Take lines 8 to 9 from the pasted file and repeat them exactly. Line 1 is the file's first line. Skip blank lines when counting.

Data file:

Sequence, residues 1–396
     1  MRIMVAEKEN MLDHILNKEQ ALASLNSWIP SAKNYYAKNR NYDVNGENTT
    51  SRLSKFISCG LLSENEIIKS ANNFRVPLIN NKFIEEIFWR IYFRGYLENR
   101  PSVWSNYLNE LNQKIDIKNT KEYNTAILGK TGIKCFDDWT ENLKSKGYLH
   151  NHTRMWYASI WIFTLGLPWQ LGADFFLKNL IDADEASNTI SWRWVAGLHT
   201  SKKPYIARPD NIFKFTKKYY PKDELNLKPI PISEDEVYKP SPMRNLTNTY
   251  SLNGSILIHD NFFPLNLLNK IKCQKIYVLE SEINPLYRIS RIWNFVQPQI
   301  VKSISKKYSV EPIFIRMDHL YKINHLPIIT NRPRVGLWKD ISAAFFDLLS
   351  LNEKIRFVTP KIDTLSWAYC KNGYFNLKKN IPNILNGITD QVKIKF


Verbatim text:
   301  VKSISKKYSV EPIFIRMDHL YKINHLPIIT NRPRVGLWKD ISAAFFDLLS
   351  LNEKIRFVTP KIDTLSWAYC KNGYFNLKKN IPNILNGITD QVKIKF